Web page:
COPING WITH UNSCHEDULED EVENTS: THE CHALLENGES OF CRISIS ...
COPING WITH UNSCHEDULED EVENTS: THE CHALLENGES OF CRISIS
Arjen Boin, Allan McConnell and Paul ‘t Hart
During George W. Bush’s term of office as president, the United States was hit by two
national catastrophes: the 9/11 attacks and Hurricane Katrina. Remarkably, the timing,
perceived adequacy and popular support for his government’s crisis response varied greatly.
The immediate White House response to the 9/11 attacks was widely seen as effective,
whereas its response to Katrina was roundly criticized. Bush’s personal approval ratings shot
up in the wake of the 9/11 crisis, but his presidency never fully recovered from Katrina.
Bush’s first Congressional speech after 9/11 was a major success and secured him strong
bipartisan support. In contrast, Bush bore the brunt of unprecedented public condemnation for
the bungled disaster response in New Orleans. A Congressional committee which examined
the decisions leading up to and during the crisis, labeled the Katrina tragedy as a ‘failure of
If presidential leadership is largely about ‘teaching reality’ as Hargrove claims, then
Bush passed with flying colors in the weeks following 9/11. His performance projected a
‘dignified authenticity’ and launched him as a ‘heroic’ and ‘charismatic’ leader. In contrast,
he struggled, and was publicly criticized for struggling, during the aftermath of Katrina.
Hurricane Katrina will go down in history as a failure of leadership in times of crisis, not just
by Bush but at all levels of government involved in the tragedy.
These contrasting cases have resonance beyond the United States. Crisis leadership
throughout the world is an important and risky endeavor for holders of high public office.
During crises, leadership abilities are put to the test. If they are seen to have passed the test,
their power and authority will increase commensurably (New York Mayor, Rudi Giuliani
after 9/11; German Chancellor Gerhard Schröder after the 2002 river floods; UK Prime
Minister Gordon Brown after his initial response to the global financial crisis). If, however,
they are seen to have failed, their political capital may shrink quickly (Spanish Prime Minister
José María Aznar after the 2004 Madrid Bombings; Belgian Prime Minister Jean-Luc
Dehaene after the 1998 dioxin contamination crisis, Indian Home Officer minister Shivraj
Patil after the 2008 Mumbai terror attacks).
Two key questions in the study of crisis leadership thus present themselves. First, we
ask how leaders prepare for and perform under the intense personal and political pressures
generated by crises. However, we should not assume that crises are simply ‘bad news’ for
leaders, with crisis management focused purely on damage limitation, both operationally and
politically. Crises may also provide leaders with unique opportunities to discard old policies
and commitments, kick-start new ones, reform public organizations, and reshape the political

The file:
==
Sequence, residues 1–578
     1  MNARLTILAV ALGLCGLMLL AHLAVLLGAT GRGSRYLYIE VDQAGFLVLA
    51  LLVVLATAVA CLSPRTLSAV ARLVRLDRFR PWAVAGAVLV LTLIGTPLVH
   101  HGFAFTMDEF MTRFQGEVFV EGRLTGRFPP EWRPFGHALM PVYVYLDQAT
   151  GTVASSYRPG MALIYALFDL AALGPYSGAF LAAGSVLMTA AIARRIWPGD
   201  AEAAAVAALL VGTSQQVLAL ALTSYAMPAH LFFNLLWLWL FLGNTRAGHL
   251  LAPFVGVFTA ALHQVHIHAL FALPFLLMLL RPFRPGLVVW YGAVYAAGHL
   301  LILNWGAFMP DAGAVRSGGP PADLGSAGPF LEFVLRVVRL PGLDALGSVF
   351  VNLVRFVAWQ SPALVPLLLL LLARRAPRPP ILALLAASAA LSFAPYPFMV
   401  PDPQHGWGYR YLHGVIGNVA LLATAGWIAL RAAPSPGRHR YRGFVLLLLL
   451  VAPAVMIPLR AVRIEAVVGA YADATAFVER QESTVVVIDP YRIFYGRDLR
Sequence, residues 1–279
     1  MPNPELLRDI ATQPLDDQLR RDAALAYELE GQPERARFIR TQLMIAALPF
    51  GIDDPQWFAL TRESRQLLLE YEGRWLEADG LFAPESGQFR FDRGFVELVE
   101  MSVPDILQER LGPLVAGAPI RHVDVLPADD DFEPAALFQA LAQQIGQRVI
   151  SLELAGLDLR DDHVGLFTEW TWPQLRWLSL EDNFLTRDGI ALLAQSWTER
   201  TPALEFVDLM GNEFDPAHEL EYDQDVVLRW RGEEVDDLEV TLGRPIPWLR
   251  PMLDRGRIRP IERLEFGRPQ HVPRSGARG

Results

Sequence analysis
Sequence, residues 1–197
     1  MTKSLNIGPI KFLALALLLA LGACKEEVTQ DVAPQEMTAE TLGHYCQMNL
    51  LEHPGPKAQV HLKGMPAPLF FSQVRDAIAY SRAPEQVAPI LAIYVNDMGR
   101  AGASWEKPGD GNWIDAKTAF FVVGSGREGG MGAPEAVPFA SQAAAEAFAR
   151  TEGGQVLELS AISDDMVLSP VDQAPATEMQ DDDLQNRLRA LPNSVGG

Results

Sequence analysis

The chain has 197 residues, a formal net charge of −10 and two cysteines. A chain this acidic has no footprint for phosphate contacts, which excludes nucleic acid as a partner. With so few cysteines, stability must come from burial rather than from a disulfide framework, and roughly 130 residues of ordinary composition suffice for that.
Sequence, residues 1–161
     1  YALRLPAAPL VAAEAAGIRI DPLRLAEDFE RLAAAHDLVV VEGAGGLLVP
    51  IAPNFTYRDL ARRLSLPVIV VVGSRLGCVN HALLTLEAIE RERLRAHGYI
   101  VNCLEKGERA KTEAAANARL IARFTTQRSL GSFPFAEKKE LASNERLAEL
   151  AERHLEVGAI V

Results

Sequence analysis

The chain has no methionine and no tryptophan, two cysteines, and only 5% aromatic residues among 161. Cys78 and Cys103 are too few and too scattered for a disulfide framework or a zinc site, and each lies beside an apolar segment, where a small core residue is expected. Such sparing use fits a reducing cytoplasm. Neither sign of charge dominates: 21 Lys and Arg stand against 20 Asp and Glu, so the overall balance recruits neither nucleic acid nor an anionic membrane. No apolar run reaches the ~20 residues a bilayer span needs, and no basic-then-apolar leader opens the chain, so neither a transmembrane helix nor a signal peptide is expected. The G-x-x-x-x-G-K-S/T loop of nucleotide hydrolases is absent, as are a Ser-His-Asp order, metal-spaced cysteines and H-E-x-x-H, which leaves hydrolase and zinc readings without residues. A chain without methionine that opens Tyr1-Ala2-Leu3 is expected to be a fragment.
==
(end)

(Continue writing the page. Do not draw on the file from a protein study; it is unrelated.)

landscape by forging new coalitions. Hence a second pivotal question about crisis leadership
is: how do leaders identify and use crisis-induced opportunities for policy innovation and
This chapter reviews classic and contemporary contributions to the study of crisis
management, focusing on what they teach us about the specific challenges of crisis leadership
for holders of high public office. It highlights six such challenges. Before exploring these
challenges, we discuss key crisis concepts: how do we know a crisis when we see one, and
what makes a crisis so different from everyday policy processes and issues that it warrants,
and indeed triggers, distinct forms of leadership?
Crises: realities and constructions
In our definition, a crisis occurs when policymakers experience ‘a serious threat to the basic
structures or the fundamental values and norms of a system, which under time pressure and
highly uncertain circumstances necessitates making vital decisions’ (Rosenthal, Charles and ‘t
Hart, 1989: 10). This definition covers many different phenomena such as natural disasters,
industrial accidents, financial meltdowns, major product failures, policy fiascos, terrorist attacks,
hostage takings and major epidemics. All these contingencies create tough conditions for those
who are expected to lead the response. These crisis leaders have to make quick yet far-reaching
decisions while often lacking essential information. Below, we examine more closely, three key
components of the phenomenon of crisis: threat, uncertainty and urgency.
Crises occur when core values or vital systems of a community come under threat. Think
of widely shared values such as safety and security, welfare and health, integrity and fairness,
which become shaky or even meaningless as a result of (looming) violence, destruction, damage
or other forms of adversity. This explains why the prospect of war or natural disaster (floods,
earthquakes, hurricanes, heatwaves) usually evokes a deep sense of crisis. The threat of death,
damage, destruction, or bodily mutilation violates deeply embedded societal values of safety and
Mass destruction is, of course, but one threat that can trigger a crisis. As the global
financial crisis of 2008 amply demonstrates, a socio-economic crisis may follow if the job
security of citizens is threatened. However, size of threat cannot be derived by counting the
numbers of bodies, jobs or dollars affected. Psychological or societal impacts of threats are a
function of cultural expectations about levels of order and security which vary widely within and
between different communities and polities, partly depending upon existing levels of